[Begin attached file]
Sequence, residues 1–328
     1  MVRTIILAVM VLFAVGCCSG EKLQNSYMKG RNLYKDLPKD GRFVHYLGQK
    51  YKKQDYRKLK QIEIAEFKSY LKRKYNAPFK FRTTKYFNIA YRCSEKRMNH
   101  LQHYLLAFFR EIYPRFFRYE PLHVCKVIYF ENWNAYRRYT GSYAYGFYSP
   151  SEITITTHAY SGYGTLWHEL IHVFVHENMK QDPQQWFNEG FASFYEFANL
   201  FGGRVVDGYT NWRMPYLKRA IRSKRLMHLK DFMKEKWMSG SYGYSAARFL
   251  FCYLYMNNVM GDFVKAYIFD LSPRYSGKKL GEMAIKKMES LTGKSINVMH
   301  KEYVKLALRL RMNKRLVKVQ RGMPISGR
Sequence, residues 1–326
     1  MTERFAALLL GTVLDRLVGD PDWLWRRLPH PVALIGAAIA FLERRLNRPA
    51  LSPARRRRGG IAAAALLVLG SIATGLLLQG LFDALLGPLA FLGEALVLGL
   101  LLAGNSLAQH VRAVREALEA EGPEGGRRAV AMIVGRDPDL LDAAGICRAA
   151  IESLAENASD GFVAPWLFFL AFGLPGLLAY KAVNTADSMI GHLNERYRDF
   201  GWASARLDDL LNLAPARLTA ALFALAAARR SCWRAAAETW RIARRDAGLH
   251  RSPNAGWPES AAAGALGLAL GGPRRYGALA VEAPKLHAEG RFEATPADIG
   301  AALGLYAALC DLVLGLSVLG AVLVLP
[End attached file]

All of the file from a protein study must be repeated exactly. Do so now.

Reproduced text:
Sequence, residues 1–328
     1  MVRTIILAVM VLFAVGCCSG EKLQNSYMKG RNLYKDLPKD GRFVHYLGQK
    51  YKKQDYRKLK QIEIAEFKSY LKRKYNAPFK FRTTKYFNIA YRCSEKRMNH
   101  LQHYLLAFFR EIYPRFFRYE PLHVCKVIYF ENWNAYRRYT GSYAYGFYSP
   151  SEITITTHAY SGYGTLWHEL IHVFVHENMK QDPQQWFNEG FASFYEFANL
   201  FGGRVVDGYT NWRMPYLKRA IRSKRLMHLK DFMKEKWMSG SYGYSAARFL
   251  FCYLYMNNVM GDFVKAYIFD LSPRYSGKKL GEMAIKKMES LTGKSINVMH
   301  KEYVKLALRL RMNKRLVKVQ RGMPISGR
Sequence, residues 1–326
     1  MTERFAALLL GTVLDRLVGD PDWLWRRLPH PVALIGAAIA FLERRLNRPA
    51  LSPARRRRGG IAAAALLVLG SIATGLLLQG LFDALLGPLA FLGEALVLGL
   101  LLAGNSLAQH VRAVREALEA EGPEGGRRAV AMIVGRDPDL LDAAGICRAA
   151  IESLAENASD GFVAPWLFFL AFGLPGLLAY KAVNTADSMI GHLNERYRDF
   201  GWASARLDDL LNLAPARLTA ALFALAAARR SCWRAAAETW RIARRDAGLH
   251  RSPNAGWPES AAAGALGLAL GGPRRYGALA VEAPKLHAEG RFEATPADIG
   301  AALGLYAALC DLVLGLSVLG AVLVLP